The Post-Apocalyptic Body Lens: An exploration of the perceptual re-imagination of the body through repetition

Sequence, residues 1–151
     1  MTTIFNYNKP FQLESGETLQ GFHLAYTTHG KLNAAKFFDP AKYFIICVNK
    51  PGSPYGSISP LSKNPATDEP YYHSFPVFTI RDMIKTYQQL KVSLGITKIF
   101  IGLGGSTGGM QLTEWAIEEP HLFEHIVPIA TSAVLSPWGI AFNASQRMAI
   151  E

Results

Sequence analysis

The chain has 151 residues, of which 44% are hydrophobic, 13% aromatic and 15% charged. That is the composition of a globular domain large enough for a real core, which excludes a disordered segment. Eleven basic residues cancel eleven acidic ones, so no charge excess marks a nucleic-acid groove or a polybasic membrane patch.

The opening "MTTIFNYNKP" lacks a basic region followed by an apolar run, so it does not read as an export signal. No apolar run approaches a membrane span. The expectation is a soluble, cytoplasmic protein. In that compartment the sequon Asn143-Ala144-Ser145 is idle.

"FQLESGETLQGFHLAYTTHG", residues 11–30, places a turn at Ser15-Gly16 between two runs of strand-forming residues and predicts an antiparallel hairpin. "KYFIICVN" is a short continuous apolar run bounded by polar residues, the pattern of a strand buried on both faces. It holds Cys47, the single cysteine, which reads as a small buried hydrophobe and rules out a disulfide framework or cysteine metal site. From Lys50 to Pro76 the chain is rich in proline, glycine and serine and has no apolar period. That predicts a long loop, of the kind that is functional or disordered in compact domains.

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It has been established that the artistic and compositional strategies used in performances stage a specific way of looking for the theatrical spectator (Bleeker 2011). Repetition is frequently seen in current performances and has been debated in recent academic articles as a powerful strategy impacting the spectator through its capacity to renew, reiterate and create space for re-thinking. This thesis explores the perceptual processes taking place in the particular case of repetition and proposes the conceptual lens of the post-apocalyptic body (PAB) as means to establish a specific vantage point onto extreme theatrical encounters in which the body physically renegotiates its boundaries. The PAB lens affords to see the employed strategies on stage in such performances as a way for the body to renew its state and potentiality through the alteration of the spectator’s perception. This makes the viewer a co-producer and, moreover, a co-imaginer of what the body could be beyond its state of limitations. Through analyzing the works of Pina Bausch and Jan Fabre, this thesis establishes the power of bodily repetition and exhaustion as a way to transgress the boundaries of corporeality and metamorphose the body image (Schilder 2013). While We Strive by Arno Schuitemaker and THE DOG DAYS ARE OVER by Jan Martens allow to explore the dramaturgical tool of repetition and to see how the PAB lens can be put to work. Using concepts from theatre, philosophy and narratology helped envisage new perspectives on the transformative processes the moving repeating body has on perception. The PAB allowed in this aspect to conceive the theatrical encounter as a metamorphosis of the image and potential of the body through the perceptual emancipation of the spectator and to expose the relevance and potency of repetition as artistic strategy.